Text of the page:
UNDP is the UN’s global network to help people meet their development needs and build a better life. We are on the ground in 166 countries, working as a trusted partner with Governments, civil society and the private sector to help them build their own solutions to global and national development challenges. Further information can be found at http://www.undp.org

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Extreme Poverty in Africa

Posted by fidest press agency su domenica, 2 maggio 2010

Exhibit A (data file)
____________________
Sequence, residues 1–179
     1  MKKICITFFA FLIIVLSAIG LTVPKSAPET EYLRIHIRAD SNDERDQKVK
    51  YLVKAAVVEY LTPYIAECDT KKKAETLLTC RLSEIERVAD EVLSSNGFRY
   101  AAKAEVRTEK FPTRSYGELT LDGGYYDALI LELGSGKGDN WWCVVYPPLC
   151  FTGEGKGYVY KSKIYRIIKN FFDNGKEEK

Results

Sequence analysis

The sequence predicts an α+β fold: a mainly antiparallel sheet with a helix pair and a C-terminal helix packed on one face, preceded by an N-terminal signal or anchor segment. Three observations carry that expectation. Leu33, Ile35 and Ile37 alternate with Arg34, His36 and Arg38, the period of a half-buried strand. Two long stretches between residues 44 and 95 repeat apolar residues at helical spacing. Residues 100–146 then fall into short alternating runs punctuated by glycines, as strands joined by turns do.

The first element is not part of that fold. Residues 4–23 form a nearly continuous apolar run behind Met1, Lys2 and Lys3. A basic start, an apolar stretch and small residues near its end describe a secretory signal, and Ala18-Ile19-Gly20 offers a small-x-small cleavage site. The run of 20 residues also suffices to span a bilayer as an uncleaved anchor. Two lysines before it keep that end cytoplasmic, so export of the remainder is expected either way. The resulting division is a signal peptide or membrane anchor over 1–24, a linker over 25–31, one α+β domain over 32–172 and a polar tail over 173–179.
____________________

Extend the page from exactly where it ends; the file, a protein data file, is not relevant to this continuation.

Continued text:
New York. UNDP Chief Helen Clark begins a four-country tour of Africa tomorrow to highlight progress towards the Millennium Development Goals (MDGs) in the run up to the MDGs Summit in September 2010. She will travel to Mali, Burkina Faso, Tanzania, and South Africa. Helen Clark will meet with Heads of State and Ministers, as well as touch base with women leaders and members of civil society, and visit development projects. In Mali, she will also tour the historic city of Timbuktu and meet with women mango farmers. In Burkina Faso, she will tour a project which facilitates access to energy for rural women, and will visit a centre for the reintegration of sex workers.  In Tanzania, Helen Clark will travel to Zanzibar to visit the Jozani Forest, protected in 2007, and tour the National Electoral Commission in Dar es Salaam to speak with newly-registered voters. In South Africa, she will kick off a promotional pre-World Cup MDGs football match in Pretoria with young girls and boys who are part of a sport and development project. While Sub-Saharan Africa remains the developing region with the highest number of people living in extreme poverty, poverty rates have dropped rapidly since 1990, hovering around 46 percent in 2008. The financial and economic crisis has slowed that progress, however, over the past year. Sub-Saharan Africa has also succeeded in reducing by 17.4 percent, between 2001 and 2008, the number of adults and children newly infected by HIV and AIDS, and access to anti-retroviral therapy has been expanded in many countries. The region continues to show overall progress on gender equality and women’s empowerment. Gender parity in primary education will be achieved in most countries in Africa by 2015. The number of seats held by women in parliament has increased in at least 31 countries. Many individual countries around the region have recorded impressive gains on specific Goals. Ethiopia has tripled its net primary school enrolment ratio since 1990. In Malawi and Niger, the under-five mortality rate has fallen by at least 40 percent since 1990. In 2008, Rwanda elected a majority of women, 56 percent, to its lower chamber of parliament – the highest level of female representation of any country in the world. South Africa successfully halved the proportion of people lacking access to safe water. In 2007, about 85 per cent of the population had access to safe drinking water In spite of these successes, major challenges remain. Progress on fighting hunger has been slow, although the proportion of undernourished people fell from 32 percent of the population in 1990-92 to 29 percent in 2008. Deforestation continues to be a worry, with a loss of forest cover from 2000-2005 of 4.1 percent. Sub-Saharan Africa is the lowest emitter of carbon dioxide, but it stands to be the region most affected by climate change, compounding existing environmental and energy challenges and threatening to undo progress towards the MDGs, unless there is more global action on adaptation and mitigation. There has been little  advance on reducing maternal mortality in the region, with the number of deaths out of 100,000 births dropping from 920 in 1990 to 900 in 2005. Earlier this week, Helen Clark met with G8 Development Ministers in Halifax, Canada, to discuss the September MDGs Summit and the need to re-energize the global MDGs effort with a concrete action plan to accelerate progress. She stressed the importance of key ingredients to success, including inclusive economic growth, strong national leadership, public investment, social protection, access to energy, and investing in women and girls (Read Helen Clark’s speech at the G8 ministers meeting).